Image credit: Sabrena Khadija
7 minute read

Early in my career, as a designer at a small design studio and later at a startup, I frequently prepped for redesigns and design improvements by conducting what I call Fresh Eyes Audits of our customers’ user experiences. The evaluation method, which I adapted from more formal user research audits, highlights usability issues and areas for improvement, helping me to make recommendations based on a clear set of best practices.

Unlike traditional heuristic evaluations—which are based on 10 usability heuristics and require a panel of experts to conduct—and formal expert reviews, Fresh Eyes Audits are a simpler, more accessible usability inspection for non-researchers to critically audit a user experience. Designers can conduct them for design research, leaning on their existing ability to look at a user experience from different perspectives.

Whether you’re the lone designer at a startup or a new designer to a product (especially one without user research help!), Fresh Eyes Audits are a great tool in influencing strategy and identifying areas of focus for your team. It can help immediately by surfacing small usability issues that are easily fixed, or it can help long-term, by contributing to the business case or discussions for future enhancements.

An example of a Fresh Eyes Audit report

When I joined my new product team at Slack, I conducted a Fresh Eyes Audit to familiarize myself with our product area, understand & explore our users’ workflows, identify the biggest opportunity areas, and start productive conversations with my new teammates. New to the team and the product, I could leverage my own fresh eyes and look at the system without the bias of designing it.

How do I conduct a Fresh Eyes Audit?

Depending on my current needs, I use two different blueprints to conduct a Fresh Eyes Audit: one focuses on the UX and usability of an experience, the other on its visual and interaction design. Once you get the hang of the first blueprint, it’s easy to take on the second one. The steps are simple:

1. Define the scope of your audit
Before you begin, decide exactly what and how much this audit will cover. Will it address only major workflows in your product area? Will it take a more holistic approach and analyze many parts of that experience?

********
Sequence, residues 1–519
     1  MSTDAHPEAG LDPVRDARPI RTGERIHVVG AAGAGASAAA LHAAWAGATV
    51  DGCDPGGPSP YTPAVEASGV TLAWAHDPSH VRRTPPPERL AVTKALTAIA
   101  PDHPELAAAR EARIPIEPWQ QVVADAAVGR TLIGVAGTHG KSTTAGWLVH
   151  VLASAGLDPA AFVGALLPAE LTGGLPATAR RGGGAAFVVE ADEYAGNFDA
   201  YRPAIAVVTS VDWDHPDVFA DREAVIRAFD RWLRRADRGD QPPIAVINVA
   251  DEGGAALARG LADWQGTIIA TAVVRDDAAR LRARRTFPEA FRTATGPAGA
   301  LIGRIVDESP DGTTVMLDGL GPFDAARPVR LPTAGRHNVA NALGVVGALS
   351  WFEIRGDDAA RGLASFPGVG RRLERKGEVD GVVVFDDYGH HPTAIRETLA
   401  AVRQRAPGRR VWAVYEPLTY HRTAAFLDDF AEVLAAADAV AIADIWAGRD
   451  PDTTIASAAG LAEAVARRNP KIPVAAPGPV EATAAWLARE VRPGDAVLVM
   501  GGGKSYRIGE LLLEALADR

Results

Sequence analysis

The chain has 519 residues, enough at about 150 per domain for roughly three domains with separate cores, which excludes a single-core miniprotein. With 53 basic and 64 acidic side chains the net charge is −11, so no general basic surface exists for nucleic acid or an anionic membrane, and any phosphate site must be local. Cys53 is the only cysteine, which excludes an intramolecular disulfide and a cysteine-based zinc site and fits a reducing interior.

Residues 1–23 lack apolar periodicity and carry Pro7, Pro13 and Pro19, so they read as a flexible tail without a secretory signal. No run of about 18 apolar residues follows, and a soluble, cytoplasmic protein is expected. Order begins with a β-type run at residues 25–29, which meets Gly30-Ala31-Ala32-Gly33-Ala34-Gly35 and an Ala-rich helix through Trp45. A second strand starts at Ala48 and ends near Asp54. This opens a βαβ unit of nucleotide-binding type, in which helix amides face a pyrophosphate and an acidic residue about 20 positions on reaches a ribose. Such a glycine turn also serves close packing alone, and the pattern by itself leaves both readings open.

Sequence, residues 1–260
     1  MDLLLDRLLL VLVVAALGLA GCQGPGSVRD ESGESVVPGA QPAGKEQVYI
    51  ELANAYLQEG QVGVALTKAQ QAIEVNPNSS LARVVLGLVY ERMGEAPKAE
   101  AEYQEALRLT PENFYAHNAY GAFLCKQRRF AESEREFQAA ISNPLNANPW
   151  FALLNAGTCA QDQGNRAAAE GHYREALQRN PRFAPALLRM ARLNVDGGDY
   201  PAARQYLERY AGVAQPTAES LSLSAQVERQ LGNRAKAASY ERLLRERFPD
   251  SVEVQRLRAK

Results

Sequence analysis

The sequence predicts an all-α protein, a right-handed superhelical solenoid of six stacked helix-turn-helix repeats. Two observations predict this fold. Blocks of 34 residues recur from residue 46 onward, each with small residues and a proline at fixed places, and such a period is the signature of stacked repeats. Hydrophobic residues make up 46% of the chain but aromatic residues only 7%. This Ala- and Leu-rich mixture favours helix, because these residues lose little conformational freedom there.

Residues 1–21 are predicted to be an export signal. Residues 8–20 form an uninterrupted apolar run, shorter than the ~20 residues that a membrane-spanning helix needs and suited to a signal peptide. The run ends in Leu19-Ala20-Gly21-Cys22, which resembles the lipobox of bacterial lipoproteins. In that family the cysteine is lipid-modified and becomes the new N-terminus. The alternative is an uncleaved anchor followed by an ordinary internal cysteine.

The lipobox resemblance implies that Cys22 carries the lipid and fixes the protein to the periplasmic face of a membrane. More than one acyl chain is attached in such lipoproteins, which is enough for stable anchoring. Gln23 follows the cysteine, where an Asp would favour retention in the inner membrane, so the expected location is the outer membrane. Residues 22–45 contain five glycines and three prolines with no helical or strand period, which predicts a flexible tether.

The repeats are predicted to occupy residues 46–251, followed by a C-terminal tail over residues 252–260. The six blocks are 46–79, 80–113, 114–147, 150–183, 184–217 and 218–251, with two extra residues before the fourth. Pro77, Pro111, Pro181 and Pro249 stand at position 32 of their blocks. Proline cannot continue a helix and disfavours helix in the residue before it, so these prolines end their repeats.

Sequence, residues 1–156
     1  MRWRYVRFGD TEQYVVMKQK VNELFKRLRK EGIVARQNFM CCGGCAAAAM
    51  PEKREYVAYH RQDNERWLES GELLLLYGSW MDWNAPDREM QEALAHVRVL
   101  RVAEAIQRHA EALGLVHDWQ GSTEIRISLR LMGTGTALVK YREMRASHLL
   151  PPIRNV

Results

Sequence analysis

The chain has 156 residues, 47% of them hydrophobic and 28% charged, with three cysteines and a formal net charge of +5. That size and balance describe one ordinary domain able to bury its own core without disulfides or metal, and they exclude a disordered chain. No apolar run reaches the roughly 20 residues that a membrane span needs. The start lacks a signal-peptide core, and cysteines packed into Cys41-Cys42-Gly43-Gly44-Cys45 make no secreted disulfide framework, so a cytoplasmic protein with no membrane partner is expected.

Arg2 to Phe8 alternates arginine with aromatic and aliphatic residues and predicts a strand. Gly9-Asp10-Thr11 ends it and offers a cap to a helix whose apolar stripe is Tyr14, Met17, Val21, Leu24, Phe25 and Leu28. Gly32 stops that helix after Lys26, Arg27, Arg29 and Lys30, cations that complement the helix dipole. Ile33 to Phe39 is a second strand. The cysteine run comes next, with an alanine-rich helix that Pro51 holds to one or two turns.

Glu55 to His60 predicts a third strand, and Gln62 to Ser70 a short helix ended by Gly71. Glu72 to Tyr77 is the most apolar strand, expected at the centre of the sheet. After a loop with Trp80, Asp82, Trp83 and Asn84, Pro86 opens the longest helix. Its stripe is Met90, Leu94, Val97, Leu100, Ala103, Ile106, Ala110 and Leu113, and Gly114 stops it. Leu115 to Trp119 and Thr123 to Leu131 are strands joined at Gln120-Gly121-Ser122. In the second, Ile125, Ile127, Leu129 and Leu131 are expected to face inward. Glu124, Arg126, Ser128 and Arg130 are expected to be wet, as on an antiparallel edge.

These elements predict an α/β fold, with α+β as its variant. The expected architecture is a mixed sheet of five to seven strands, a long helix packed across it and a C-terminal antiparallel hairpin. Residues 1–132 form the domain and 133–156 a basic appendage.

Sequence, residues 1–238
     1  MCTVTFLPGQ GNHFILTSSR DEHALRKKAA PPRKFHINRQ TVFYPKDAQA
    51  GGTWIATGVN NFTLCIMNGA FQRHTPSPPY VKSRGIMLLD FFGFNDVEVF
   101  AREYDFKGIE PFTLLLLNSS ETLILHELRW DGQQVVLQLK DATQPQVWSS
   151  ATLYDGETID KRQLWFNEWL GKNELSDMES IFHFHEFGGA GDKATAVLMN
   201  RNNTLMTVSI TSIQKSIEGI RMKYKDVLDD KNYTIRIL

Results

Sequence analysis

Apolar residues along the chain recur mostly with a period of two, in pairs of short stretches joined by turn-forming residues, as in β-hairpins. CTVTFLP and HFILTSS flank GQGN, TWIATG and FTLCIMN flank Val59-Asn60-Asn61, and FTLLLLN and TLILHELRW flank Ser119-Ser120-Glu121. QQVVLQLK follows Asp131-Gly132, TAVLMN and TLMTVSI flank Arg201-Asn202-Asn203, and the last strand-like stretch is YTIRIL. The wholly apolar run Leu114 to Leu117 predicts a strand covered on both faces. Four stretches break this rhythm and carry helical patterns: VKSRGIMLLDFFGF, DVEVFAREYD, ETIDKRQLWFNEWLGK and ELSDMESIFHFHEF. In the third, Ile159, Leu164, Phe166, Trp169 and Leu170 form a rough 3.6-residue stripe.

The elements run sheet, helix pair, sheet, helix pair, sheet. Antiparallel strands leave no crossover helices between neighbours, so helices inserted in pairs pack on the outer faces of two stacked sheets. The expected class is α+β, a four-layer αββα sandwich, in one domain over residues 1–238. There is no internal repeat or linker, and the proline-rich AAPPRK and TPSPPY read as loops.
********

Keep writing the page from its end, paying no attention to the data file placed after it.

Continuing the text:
If this is your first Fresh Eyes Audit, I recommend focusing on the most important workflow or two. (You can always progressively include more if you have the time.) This can be based on what the team believes is important, what you believe is important, or a blend of both. Usually these can be gleaned from conversations with product and engineering leads, or anyone who is closest to the customer—you, customer success managers, account managers, customer support agents, and/or user researchers.

2. Familiarize yourself with the usability heuristics
Read the N/N Group’s explanations and take a look at the consultant firm’s examples so you will be able to recognize what to look out for when you start. I use this worksheet, which I print out and use for notes as I go through my analysis.

Download the worksheet to get started on your own

3. Create your rubric for issues
Your scoring rubric can be as complicated or simple as you need it to be. I like to use a 3-point severity scale of emoji because it’s the most accessible and easiest to remember for readers of the audit report.

A very straightforward 3-point severity scale in emojis


4. Go through each workflow, highlighting positive, neutral and negative takeaways.

Ask the heuristics questions for each workflow. Note if the answers are “no” or “yes,” and take some observational notes supporting that answer.

In the “Notes” section of my worksheet, I usually create a bulleted list of negative, neutral, and positive observations, prepending each one with symbols (down arrow, dash, up arrow).